|Ingot After First Hammering Session|
|Second Hammering Increases Length - still too thick|
With most torch work I quench the piece in water for a quick cool down but never with forged rings. With forged rings the slow cool down of the silver is very important. It has to do with keeping the molecular structure that is created through the heating and hammering process. As I said I have never been formally trained in forging so I don't really know all of the specifics but I do know if the silver is quenched at any point it ends up being annealed. Annealing is a process of heating and quenching metal to make it softer. That would make all of the hammering done to the silver a complete waste of time in about 30 seconds.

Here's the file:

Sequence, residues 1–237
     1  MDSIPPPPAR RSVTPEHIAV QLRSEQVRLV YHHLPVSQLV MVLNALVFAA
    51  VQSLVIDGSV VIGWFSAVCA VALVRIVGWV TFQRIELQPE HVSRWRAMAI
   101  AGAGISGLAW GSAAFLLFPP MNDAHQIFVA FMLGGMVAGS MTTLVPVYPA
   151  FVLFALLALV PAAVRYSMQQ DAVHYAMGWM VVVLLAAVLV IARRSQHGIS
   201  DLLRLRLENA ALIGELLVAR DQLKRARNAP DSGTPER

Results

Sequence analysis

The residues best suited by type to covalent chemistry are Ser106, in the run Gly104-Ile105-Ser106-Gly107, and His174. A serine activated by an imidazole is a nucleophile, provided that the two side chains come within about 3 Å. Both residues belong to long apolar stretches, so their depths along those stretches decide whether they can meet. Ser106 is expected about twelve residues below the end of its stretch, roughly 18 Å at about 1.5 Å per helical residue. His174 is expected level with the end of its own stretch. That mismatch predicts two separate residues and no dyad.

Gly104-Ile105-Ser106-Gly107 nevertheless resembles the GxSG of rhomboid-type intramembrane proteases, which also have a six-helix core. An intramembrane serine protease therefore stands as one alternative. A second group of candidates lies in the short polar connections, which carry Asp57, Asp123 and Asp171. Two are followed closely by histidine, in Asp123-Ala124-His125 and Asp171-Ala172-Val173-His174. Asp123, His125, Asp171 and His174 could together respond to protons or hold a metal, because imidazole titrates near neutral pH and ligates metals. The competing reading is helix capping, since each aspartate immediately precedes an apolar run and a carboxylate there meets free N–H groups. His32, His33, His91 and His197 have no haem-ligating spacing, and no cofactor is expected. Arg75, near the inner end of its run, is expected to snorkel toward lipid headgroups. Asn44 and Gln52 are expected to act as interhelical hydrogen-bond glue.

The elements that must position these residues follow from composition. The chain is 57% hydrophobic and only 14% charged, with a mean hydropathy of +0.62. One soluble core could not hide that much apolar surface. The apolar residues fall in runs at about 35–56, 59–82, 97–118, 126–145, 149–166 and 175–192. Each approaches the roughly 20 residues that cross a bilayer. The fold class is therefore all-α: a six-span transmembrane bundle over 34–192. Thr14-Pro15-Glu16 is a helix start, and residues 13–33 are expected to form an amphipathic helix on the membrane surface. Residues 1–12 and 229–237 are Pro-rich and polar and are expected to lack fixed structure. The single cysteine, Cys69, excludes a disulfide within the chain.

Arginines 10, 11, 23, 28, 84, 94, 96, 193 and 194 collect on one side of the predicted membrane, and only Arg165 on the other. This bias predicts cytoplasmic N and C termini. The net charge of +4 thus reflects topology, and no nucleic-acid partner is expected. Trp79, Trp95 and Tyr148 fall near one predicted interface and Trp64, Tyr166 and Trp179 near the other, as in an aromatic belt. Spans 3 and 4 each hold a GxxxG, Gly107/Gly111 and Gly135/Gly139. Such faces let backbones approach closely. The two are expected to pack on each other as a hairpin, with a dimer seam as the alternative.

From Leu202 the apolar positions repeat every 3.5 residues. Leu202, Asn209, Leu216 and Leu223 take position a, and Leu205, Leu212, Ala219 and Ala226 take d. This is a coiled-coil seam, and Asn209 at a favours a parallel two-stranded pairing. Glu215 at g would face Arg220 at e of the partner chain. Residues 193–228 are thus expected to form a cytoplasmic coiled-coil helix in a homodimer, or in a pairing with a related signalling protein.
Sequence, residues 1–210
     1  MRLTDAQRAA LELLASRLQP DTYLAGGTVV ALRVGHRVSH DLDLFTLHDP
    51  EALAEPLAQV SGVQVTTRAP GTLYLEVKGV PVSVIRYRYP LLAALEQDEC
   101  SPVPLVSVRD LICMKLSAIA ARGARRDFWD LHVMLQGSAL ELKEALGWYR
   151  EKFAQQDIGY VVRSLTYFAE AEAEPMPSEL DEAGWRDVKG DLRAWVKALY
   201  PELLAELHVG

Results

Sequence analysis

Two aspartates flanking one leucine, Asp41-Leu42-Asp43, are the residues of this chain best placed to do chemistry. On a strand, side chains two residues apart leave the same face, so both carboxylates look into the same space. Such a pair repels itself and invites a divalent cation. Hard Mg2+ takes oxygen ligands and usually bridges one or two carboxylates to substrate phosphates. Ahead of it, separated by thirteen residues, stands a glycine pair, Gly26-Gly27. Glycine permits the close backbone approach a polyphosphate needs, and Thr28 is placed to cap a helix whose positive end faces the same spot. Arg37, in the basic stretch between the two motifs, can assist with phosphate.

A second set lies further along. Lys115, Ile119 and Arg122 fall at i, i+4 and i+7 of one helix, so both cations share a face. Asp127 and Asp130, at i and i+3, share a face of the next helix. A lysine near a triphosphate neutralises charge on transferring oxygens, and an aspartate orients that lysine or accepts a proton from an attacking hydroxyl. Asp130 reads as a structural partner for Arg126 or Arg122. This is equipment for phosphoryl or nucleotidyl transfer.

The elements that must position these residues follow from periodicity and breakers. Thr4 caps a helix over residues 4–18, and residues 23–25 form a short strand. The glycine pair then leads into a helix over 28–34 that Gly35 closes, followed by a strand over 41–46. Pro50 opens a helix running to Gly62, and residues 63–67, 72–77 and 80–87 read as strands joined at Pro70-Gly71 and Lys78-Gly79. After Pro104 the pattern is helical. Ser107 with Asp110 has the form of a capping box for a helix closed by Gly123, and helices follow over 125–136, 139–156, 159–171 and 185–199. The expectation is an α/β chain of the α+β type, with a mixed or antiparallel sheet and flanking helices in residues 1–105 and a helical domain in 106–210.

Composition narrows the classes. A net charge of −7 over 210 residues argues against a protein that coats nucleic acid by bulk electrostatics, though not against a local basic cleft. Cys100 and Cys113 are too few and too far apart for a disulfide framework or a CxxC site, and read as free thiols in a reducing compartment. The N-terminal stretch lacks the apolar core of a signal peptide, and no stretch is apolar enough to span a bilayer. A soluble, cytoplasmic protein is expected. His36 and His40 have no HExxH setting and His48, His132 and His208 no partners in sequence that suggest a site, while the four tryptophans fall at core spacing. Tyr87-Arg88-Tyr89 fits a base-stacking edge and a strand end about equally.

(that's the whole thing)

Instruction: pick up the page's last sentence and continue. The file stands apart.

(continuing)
|Third Hammering Continues to Increase Length & Thin Band|
After the silver ingot has been hammered into the right width and thickness for a band it is time to cut the silver to the proper length for a ring. I will state here that the "right" width and thickness for the bands is not a precise measurement. All of this work is being done by hand and not a machine so the thickness and width does vary slightly from ring to ring. I try to keep these variances below 1 mm though by comparing the hammered metal to 18 gauge sheet sterling and comparing it to other rings I have made that are 3/16" wide.
|Fourth & Final Hammering - The band is ready to be cut|
Part 3 will be posted on Friday 11/1/13